At the beginning of the series, we knew Archie and Jughead were estranged but not why. Later, Jughead revealed that Archie and he had plans for a summer road trip, which they were meant to leave on July 4th, the day Jason went missing. But Archie blew off the trip at the last minute to meet with Miss Grundy. Now, I’ll pause a moment to say I don’t hold the underage Archie responsible for being lured by a sexual predator. But looking back, Archie’s bailing on Jughead robbed the beanie-wearing buddy of his only friend when he needed it most. Jughead’s mom had fled—something which Archie could have related to if he was paying attention—leaving him with a FP, a drunk and criminal whose home was so unwelcoming that Juggy opted for squatting at the decrepit drive-in. For months, Archie’s long-time best friend was a homeless teen, and Archie didn’t know because he didn’t care.
But finally things seems on the mend as Jughead moved in with the Andrews. Then in last night’s episode “The Lost Weekend,” Archie decided to betray Jughead’s trust by spilling the birthday beans to Betty, who of course was going to want to throw her beau a birthday party. Now, Archie couldn’t have anticipated that “agents of chaos” Cheryl and Chuck would crash and turn the quaint disaster into a keg-fueled accusations fest, where the Archie/Miss Grundy scandal would come out along with Veronica’s vicious suggestions of twincest and fratricide. But Archie knew Jughead wouldn’t want a party. Yet because he started this by blabbing to Betty. Shit hit the fan, and now Bughead is on the outs. Good job, Archie.
There’s something sinister at the heart of Riverdale. But it’s not the Jason Blossom murder. It’s young man who is so focused on his own desires that he blithely ignores those around him if it doesn’t serve his own needs. Archie wanted to be a musician, so he swanned into the Josie and the Pussycats rehearsals expecting his newb ass to be welcomed with open arms. He wanted to kiss Veronica, so he ignored how it’d hurt his bestie Betty. He wanted to focus on Grundy and his music, so he ignored the plight of a homeless, lonely Jughead. He wants his parents back together, so he ignores his dad’s very reasonable arguments and clear pain. And all along the way, it’s meant fallout for others. The Pussycats briefly broke up because of him. Betty and Veronica nearly did too. Val is hurting and covered in beer because drunk Archie is bro-like belligerent, and things will only get worse when it comes out Veronica and he hooked up right after.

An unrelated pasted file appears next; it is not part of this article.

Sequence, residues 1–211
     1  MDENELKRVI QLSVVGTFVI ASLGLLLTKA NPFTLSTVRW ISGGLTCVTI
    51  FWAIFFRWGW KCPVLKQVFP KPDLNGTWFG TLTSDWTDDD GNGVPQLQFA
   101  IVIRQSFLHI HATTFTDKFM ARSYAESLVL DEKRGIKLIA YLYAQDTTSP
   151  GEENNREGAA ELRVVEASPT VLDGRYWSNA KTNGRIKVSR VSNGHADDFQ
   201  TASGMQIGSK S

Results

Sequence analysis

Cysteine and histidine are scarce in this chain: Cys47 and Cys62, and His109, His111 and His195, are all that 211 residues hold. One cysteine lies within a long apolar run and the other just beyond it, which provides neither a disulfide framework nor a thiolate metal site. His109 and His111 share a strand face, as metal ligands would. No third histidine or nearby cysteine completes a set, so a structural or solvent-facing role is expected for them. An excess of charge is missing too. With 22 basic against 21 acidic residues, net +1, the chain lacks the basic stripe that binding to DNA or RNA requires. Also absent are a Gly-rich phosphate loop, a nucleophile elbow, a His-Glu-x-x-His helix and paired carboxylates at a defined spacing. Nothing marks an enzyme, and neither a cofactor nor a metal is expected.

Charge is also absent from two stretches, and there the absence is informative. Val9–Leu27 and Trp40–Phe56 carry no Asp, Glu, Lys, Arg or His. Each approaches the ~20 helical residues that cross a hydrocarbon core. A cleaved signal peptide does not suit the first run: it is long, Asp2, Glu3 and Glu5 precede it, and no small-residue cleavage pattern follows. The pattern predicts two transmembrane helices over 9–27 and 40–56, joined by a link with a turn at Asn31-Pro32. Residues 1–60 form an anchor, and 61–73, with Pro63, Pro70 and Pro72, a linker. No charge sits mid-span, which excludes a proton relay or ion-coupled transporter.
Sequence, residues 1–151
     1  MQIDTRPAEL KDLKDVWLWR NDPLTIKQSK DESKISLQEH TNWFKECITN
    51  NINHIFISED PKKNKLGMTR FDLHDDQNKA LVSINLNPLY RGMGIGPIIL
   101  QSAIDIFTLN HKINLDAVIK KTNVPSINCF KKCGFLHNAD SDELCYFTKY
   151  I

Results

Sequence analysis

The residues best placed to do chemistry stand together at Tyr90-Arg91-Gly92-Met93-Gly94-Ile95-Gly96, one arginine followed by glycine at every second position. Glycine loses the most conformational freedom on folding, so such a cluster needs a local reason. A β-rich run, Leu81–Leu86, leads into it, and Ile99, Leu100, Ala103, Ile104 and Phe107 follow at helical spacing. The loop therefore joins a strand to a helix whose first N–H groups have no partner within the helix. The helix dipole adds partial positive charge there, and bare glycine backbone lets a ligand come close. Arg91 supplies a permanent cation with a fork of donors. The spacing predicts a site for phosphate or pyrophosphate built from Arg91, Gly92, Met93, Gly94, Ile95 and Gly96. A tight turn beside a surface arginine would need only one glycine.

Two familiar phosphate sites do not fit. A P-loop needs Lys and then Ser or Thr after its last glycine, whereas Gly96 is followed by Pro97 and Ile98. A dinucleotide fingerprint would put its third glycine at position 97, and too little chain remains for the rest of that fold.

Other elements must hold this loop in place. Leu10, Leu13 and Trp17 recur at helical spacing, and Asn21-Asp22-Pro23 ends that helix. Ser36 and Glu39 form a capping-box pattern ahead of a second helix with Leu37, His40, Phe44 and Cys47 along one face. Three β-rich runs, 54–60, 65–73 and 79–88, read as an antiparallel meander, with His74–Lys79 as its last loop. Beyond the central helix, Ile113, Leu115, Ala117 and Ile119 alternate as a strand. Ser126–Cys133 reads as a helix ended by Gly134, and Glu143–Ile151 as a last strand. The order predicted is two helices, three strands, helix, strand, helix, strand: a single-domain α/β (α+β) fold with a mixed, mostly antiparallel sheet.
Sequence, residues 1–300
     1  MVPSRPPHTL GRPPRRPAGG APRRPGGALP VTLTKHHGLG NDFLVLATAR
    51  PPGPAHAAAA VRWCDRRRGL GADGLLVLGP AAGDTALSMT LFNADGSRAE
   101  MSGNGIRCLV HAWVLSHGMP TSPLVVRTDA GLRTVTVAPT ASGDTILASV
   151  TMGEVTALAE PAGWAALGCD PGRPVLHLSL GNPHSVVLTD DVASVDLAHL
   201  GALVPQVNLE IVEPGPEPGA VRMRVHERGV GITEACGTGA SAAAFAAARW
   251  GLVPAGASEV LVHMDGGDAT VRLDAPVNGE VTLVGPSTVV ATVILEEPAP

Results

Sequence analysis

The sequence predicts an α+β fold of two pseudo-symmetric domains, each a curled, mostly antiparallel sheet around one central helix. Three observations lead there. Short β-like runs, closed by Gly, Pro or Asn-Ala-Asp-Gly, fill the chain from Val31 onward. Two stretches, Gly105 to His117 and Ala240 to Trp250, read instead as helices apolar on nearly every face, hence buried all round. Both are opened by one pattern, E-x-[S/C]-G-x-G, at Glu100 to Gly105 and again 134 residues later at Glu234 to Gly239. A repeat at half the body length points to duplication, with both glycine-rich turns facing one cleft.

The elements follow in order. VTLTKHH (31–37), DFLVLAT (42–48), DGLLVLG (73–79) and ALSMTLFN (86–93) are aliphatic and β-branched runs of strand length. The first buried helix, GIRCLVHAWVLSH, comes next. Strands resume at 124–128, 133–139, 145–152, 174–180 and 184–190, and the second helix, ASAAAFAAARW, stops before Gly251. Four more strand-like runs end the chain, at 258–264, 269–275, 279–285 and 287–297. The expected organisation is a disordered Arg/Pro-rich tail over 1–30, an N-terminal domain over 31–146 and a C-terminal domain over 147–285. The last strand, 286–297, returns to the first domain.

The archetype of Archie—the All-American good guy—has festered as his obliviousness has turned from innocent to dangerous.
Cheryl called him dead to rights when she proclaimed Archie Andrews a “mediocre” musician. But more than that, he’s a straight, White, cis-gender male who thinks his mediocrity entitles him to whatever he wants. He’s a problem, and he doesn’t see it. There’s a lot of characters doing damage in Riverdale, but most of them either recognize it and aim to reform, like Betty with her violent dark side or Veronica with her bouts of bullying. Or they revel in being the baddie, like the vengeful vixen Cheryl and smirking ex-jock Chuck. What makes Archie dangerous is that he is woefully oblivious to how his selfish actions hurt others. And more and more, I wonder if this isn’t a case of a poorly written character—a popular accusation among even Riverdale’s most fervent friends—but instead a setup that’ll tie back to the Jason Blossom murder.
What if Dustin is right, and at the cruz of the case is a case of mistaken identity? Jason died because he was mistaken for Riverdale’s other red-headed football star, Archie. With the resurrection of the Grundy scandal, she and her (possibly fictional) ex could be back in play.
Kristy Puchko needs more yarn.